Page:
Editor’s note: Our review of People, Places, Things originally ran during this year’s Sundance, but we’re re-posting it now as the film is currently available in limited theatrical release and on VOD.
Director Jim Strouse is excellent at conveying the emotional range of the adult male experience. It’s not something you might hear a lot, especially in the context of it being refreshing, mostly because just about every movie is delivered from the male perspective. But there’s something a little more special, insightful and tender about Strouse’s work. This began with the pain explored in the John Cusack-led Grace is Gone, continued with the failure management of the Sam Rockwell-led The Winning Season and has come to fruition once again in the fatherhood dramedy People, Places, Things starring Jemaine Clement.
Strouse has mastered the art of pairing the right leading man with the perfect emotional story. But there’s so much more to it.
In People, Places, Things, Clement plays a comic artist and art institute teacher who is dealing with the failure of his relationship with the mother of his children. It’s a story about failing, getting back up again, failing some more and navigating your way through the often uncertain waters of adulthood. It’s a story you’ve undoubtedly seen before, but not quite the way you’ll see it through Strouse’s eyes.
The key piece to the puzzle that is this effortlessly touching film is Strouse’s sharply written dialogue and the way his cast delivers it. Clement displays a range of emotional brilliance that is often overshadowed by his work on Flight of the Conchords. We witness his character, Will, go through the anger and confusion of being left (emotionally and quite literally) by his partner and the mother of his children, played by Stephanie Allyne. We also watch him deal with the fallout – ups and downs – all while maintaining his commitment to being a loving father for his young twin girls. Clement infuses his performance with a well of under the surface emotion. He’s funny, as you expect, but contemplative and natural in the film’s tougher moments.
Of course, a single great performance won’t carry a movie on its own. You see, Strouse isn’t just great at providing the white male experience, he has also found a voice for several strong female characters. Including, but certainly not limited to two strong black female characters. The Daily Show regular Jessica Williams plays one of Will’s students who becomes concerned about him after a distressing “Why Does Life Suck So Much?” lecture in class. Seeing someone she looks up to as an artist in such a state, she attempts to set him up with her own mother. Regina Hall plays the mother, a strong, complex woman who has also had her own share of damage in past relationships. Together, Clement and Hall are a wonderful pair. There’s no simple courting, but the push pull that reminds us of how things work in the real life. Navigating the world of new relationships is hard work, it’s often messy and it tests you. It’s a relationship portrayed with great honesty and it gives this movie, which otherwise fits into a very specific box, a lot of life.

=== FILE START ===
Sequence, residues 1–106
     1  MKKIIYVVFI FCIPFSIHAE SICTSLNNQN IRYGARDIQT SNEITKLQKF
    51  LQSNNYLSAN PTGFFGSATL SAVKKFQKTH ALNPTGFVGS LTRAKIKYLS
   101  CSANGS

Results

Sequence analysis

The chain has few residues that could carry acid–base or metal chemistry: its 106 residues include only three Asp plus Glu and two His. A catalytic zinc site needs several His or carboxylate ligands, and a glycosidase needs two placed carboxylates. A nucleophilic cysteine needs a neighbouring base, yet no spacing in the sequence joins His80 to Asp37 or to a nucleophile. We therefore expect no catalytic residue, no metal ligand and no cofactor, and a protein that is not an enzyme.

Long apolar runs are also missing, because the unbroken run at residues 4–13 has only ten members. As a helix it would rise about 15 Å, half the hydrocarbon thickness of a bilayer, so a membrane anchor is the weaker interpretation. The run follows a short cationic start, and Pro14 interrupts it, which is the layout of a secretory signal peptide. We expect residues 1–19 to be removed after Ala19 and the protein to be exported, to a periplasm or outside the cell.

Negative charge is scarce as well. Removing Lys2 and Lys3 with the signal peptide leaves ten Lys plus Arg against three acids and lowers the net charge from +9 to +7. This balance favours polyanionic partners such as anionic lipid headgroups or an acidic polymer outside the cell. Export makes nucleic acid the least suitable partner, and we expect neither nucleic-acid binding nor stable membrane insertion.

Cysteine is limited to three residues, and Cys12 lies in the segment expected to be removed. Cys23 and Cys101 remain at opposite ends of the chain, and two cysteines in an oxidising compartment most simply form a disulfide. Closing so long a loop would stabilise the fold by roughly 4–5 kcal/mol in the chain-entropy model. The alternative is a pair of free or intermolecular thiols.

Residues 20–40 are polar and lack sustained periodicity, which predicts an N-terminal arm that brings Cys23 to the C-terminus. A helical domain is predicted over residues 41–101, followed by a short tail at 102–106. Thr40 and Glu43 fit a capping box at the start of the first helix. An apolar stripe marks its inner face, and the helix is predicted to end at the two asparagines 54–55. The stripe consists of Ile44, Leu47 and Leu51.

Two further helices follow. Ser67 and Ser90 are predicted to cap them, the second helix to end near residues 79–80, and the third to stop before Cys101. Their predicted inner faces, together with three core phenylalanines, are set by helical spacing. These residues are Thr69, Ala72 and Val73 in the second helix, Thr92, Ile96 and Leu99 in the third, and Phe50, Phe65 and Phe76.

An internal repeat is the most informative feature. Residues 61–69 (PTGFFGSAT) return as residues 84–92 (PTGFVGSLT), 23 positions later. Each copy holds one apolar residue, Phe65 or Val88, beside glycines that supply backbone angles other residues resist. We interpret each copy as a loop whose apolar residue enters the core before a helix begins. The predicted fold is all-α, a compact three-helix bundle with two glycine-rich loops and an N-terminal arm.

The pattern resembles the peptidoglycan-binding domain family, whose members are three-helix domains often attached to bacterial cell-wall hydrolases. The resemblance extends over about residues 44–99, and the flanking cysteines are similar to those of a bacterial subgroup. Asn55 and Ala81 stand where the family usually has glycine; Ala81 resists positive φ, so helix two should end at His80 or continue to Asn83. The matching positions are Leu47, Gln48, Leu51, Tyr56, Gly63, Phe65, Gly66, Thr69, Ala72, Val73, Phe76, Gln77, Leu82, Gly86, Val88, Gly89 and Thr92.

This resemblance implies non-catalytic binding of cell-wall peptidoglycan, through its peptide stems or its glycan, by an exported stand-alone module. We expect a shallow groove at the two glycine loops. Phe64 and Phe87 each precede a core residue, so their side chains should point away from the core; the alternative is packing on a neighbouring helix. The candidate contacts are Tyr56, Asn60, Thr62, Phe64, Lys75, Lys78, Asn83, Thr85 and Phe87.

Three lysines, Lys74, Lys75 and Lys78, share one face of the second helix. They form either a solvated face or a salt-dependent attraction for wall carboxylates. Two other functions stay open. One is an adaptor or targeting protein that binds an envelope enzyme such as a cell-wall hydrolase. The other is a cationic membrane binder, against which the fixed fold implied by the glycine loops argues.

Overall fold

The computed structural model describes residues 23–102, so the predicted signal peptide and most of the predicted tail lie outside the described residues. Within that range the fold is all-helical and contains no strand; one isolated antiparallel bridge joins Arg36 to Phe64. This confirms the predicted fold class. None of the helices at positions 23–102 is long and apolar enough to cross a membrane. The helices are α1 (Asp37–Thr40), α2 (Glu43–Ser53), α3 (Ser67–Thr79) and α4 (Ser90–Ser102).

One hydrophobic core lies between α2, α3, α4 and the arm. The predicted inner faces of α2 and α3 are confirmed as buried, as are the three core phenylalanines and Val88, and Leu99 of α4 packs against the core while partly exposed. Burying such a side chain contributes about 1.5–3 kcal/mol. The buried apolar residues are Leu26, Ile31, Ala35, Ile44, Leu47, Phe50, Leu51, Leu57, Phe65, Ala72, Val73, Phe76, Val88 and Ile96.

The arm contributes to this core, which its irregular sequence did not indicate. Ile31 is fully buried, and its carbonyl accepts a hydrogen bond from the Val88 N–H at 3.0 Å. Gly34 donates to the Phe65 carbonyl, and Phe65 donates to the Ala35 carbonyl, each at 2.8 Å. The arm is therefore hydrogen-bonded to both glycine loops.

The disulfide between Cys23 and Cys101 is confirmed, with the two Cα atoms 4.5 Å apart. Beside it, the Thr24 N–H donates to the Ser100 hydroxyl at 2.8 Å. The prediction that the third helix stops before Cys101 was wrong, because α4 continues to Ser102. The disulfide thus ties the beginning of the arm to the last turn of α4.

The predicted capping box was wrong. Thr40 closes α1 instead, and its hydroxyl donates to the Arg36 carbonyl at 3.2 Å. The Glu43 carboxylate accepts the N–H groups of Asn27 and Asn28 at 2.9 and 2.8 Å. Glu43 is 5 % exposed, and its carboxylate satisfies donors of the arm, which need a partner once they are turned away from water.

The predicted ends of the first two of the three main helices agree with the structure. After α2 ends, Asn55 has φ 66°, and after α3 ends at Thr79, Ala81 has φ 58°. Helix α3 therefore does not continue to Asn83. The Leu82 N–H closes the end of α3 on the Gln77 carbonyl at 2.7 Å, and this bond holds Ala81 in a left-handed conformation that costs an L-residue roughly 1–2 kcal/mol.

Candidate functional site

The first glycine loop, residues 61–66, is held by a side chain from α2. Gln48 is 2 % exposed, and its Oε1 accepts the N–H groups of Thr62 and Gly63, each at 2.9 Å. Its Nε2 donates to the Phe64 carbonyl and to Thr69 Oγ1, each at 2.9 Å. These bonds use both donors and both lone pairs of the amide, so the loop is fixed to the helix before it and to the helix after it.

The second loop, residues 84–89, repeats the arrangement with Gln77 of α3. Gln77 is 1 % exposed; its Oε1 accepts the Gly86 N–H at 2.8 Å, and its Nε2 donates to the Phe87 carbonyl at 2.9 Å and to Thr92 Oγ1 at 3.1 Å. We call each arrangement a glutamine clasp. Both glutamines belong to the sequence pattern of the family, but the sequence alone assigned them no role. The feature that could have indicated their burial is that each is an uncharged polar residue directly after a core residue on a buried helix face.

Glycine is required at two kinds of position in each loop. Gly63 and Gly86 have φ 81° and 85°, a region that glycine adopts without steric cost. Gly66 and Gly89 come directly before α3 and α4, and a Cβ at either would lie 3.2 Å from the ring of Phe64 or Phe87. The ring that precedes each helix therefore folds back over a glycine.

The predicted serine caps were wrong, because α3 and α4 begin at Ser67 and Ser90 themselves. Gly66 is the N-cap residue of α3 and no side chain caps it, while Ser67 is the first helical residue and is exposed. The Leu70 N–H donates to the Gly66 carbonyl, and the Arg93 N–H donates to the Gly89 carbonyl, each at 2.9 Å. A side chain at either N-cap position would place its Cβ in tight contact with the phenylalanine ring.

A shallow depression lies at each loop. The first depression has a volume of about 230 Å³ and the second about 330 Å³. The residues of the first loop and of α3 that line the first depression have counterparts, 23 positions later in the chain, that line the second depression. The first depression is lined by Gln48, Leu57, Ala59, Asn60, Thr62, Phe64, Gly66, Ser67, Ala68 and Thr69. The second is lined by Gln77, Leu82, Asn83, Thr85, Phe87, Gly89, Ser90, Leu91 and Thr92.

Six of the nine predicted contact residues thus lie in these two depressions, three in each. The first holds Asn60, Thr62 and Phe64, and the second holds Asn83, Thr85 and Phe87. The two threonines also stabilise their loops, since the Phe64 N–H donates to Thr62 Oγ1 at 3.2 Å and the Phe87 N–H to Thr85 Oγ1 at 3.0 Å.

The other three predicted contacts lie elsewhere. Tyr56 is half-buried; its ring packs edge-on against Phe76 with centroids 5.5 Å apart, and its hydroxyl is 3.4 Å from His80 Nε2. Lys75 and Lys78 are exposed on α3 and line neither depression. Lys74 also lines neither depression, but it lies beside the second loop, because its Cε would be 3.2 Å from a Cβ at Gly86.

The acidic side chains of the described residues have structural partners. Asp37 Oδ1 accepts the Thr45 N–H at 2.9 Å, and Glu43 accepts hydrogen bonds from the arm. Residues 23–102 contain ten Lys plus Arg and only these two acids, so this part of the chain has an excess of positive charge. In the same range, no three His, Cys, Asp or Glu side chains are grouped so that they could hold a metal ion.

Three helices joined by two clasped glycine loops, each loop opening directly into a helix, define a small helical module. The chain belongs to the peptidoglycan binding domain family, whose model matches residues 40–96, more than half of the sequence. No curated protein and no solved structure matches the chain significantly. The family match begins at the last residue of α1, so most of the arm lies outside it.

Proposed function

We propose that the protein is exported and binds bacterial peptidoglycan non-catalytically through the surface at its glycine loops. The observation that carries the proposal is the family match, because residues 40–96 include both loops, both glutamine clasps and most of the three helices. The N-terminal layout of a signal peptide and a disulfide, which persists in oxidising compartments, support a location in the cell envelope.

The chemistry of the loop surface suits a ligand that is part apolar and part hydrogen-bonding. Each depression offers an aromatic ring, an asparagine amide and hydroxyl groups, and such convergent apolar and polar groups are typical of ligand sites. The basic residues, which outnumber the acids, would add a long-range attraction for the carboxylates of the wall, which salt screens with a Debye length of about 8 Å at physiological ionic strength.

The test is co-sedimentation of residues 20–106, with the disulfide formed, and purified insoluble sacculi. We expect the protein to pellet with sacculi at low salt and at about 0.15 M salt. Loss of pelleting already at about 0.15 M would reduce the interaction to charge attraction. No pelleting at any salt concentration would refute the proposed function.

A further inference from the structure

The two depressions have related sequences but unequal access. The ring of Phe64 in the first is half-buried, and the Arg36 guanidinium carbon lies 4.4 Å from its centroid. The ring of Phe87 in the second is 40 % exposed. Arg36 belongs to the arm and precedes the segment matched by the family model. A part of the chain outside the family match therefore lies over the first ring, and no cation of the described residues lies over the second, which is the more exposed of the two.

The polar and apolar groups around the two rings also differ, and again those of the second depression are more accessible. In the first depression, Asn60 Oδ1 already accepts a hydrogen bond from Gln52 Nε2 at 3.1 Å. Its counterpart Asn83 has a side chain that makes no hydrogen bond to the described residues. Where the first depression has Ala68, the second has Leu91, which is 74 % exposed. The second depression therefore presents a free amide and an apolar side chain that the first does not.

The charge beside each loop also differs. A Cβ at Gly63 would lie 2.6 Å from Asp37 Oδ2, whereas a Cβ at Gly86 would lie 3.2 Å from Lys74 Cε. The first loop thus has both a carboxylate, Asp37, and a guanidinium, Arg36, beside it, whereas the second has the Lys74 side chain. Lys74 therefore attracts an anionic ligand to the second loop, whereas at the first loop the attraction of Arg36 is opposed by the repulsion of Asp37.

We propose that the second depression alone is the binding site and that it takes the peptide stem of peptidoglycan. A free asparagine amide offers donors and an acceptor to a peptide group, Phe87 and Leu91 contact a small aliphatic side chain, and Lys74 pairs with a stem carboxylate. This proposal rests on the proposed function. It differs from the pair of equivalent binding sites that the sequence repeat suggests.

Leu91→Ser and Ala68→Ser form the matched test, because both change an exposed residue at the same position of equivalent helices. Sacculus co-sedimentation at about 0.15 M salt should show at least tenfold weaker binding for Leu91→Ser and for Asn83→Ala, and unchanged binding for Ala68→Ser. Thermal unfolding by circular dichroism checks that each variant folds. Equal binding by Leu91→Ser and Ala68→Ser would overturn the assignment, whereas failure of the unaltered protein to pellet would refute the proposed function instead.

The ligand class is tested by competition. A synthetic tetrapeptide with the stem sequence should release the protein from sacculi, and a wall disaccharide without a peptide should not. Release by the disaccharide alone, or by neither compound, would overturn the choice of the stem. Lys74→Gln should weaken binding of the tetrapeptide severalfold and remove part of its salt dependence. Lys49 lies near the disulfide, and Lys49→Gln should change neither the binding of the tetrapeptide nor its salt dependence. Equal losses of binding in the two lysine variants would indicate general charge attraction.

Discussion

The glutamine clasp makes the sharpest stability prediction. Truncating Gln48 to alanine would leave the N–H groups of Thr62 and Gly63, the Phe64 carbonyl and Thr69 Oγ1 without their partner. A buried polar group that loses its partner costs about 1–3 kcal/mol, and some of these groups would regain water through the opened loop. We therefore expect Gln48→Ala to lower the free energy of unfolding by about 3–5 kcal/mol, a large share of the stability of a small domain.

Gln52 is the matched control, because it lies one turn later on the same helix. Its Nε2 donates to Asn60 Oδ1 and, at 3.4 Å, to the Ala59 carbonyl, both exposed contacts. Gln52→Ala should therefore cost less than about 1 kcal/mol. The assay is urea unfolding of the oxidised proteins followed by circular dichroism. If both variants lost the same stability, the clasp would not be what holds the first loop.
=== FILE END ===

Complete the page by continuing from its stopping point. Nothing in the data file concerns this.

It’s easy to find movies that try very hard to be funny or to tug on heart strings. It’s rare to find a movie so effortlessly lovely as People, Places, Things. Strouse’s script is thoughtful and filled with engaging dialogue. The cast delivers well-rounded, emotionally resonant (and at times very funny) performances. The upbeat score from Mark Orton (Nebraska) deliver an energy that propels the movie forward. Even the original artwork in the film, the work of Gray Williams, lends another layer to the story, as it becomes one of Will’s emotional outlets. There are times when his emotions lie below the surface, behind Clement’s soft, thoughtful expressions, when the art gives us insight into what’s boiling below the surface.
To say that People, Places, Things is a lovely experience makes it sound less challenging than it is. It provides a range of emotion, all of which it earns. And above all else, it engages the audience in an earnest way. It’s the rare kind of film interested in having an honest conversation with you, but isn’t afraid to leave you also feeling warm and hopeful.
The Upside: Honest, thoughtful and filled with rich performances. Jemaine Clement stands out with one of his absolute best performances.
The Downside: It would be easy to place this into a box with movies that fit a similar formula, but that would disrespect the honesty in the writing and the quality energy this one delivers.
On the Side: Artist Gray Williams, whose work is featured as Will’s comics in the movie, was a screenwriting student of director Jim Strouse. Strouse offered to look at his work one day and was instantly sold on Williams’ talent. He came back much later to ask Williams to provide the art for the film.